‘Jolie gene’ drug can help prostate patients
A breast cancer drug has been used to extend survival in men with advanced prostate cancer, becoming the first successful “precision medicine” for the disease. Doctors at the Royal Marsden Hospital who conducted the trial said the results amounted to a “revolution”. The survival of men in the trial increased on average from 3.6 to 7.4 months. The drug has proven benefits for women with breast cancer who have BRCA gene mutation made famous by Angelina Jolie.
A BREAST CANCER drug has been used to extend survival in men with advanced prostate cancer, becoming the first successful “precision medicine” for the disease.
Doctors at the Royal Marsden Hospital who conducted the trial say the results amount to a “revolution” in prostate cancer care.
They conducted genetic testing on more than 4,400 patients to identify those with one or more of 15 types of DNA fault. Those who qualified were given olaparib, a course of pills commonly used to treat breast and ovarian cancer but not currently licensed for prostate cancer.
The men in the trial had already failed to respond to hormone therapy and their prognoses were poor.
However, their length of progressionfree survival, a period during which the cancer does not get worse, increased, on average, from 3.6 to 7.4 months. This shows that using DNA testing to match patients with already available drugs can “transform” the treatment of the most common type of male cancer, according to the researchers.
The trial, which is being presented at the European Society for Medical Oncology annual congress in Barcelona, coincides with a new study in the journal Nature, which suggests that using genetic information to repurpose unlicensed or “off-label” drugs could benefit around a third of patients for whom standard therapies do not work.
Olaparib works by blocking a protein that fuels cancer by helping damaged cells to repair themselves.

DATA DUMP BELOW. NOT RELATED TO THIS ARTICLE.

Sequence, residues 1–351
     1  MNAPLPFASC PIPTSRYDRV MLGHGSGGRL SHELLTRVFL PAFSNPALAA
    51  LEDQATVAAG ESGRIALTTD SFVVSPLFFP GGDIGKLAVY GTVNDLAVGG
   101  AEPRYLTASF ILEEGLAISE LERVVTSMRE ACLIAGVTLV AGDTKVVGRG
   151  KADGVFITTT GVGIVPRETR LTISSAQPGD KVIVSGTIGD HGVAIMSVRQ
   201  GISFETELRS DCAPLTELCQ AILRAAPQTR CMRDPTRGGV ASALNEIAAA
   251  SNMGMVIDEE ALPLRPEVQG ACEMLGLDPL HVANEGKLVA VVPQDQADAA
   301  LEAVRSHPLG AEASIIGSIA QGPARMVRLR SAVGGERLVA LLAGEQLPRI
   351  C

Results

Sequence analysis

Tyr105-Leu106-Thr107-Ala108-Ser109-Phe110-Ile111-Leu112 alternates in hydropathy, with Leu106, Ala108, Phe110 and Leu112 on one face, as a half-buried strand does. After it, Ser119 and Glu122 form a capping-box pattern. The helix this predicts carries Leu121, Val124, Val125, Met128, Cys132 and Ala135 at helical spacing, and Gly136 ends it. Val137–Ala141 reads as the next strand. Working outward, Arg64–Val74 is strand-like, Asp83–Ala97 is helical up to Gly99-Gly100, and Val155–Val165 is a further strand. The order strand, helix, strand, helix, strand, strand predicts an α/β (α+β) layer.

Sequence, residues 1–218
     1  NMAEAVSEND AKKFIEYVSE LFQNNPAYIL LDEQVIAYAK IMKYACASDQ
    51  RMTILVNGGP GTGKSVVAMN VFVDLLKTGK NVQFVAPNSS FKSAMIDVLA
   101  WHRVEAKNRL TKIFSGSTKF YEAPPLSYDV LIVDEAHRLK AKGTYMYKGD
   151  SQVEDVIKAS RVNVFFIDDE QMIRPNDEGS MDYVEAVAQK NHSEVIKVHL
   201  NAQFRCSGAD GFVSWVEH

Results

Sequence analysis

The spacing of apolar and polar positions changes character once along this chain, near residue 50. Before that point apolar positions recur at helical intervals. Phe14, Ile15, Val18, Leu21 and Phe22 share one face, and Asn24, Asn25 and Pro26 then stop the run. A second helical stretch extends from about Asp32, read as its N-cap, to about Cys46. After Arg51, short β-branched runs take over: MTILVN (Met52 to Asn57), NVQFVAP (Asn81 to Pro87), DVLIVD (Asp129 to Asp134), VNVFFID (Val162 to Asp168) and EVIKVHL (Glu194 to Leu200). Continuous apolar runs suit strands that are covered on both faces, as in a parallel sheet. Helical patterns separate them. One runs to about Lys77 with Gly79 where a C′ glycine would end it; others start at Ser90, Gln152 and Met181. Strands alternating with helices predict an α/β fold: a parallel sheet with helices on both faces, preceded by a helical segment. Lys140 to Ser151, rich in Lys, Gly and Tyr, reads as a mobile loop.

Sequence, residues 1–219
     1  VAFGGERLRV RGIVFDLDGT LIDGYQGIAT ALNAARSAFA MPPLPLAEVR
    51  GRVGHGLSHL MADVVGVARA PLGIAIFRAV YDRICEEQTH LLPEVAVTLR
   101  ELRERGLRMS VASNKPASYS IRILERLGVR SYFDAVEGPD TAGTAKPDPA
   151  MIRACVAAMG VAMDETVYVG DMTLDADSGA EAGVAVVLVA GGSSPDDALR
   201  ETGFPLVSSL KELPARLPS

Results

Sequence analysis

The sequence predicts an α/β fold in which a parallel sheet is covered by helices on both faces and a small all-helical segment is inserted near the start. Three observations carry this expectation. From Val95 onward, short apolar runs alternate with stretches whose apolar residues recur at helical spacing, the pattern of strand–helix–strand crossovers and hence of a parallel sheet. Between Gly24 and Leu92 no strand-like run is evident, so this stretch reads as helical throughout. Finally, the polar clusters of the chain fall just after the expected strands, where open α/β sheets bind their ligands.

Its proven benefits for women with breast and ovarian cancer who have BRCA gene mutation – made famous by Angelina Jolie – led scientists to test for these and other faults in men. They found that 80 per cent of men whose tumours had faults in the BRCA genes responded to olaparib. The teams at the Institute of Cancer Research (ICR), The Royal Marsden and Northwestern University in Chicago said this proved that, rather than being a single illness, prostate cancer is a series of sub-types of the disease, requiring tailored treatment for individual patients.
Approximately 47,700 men receive a diagnosis in the UK each year, with 11,600 dying from the disease.
Dr Matthew Hobbs, from Prostate Cancer UK, said: “This hugely exciting result represents a revolution in the treatment of prostate cancer. It finally brings prostate cancer medicine into the 21st century by giving us, for the first time ever, a therapy that makes use of genetic testing of the tumour to work out which men will benefit.”
Prof Johann de Bono, a consultant oncologist at The Royal Marsden and ICR, said: “I hope that within the next couple of years, olaparib will become the first precision medicine to become available as a standard treatment for men with prostate cancer.”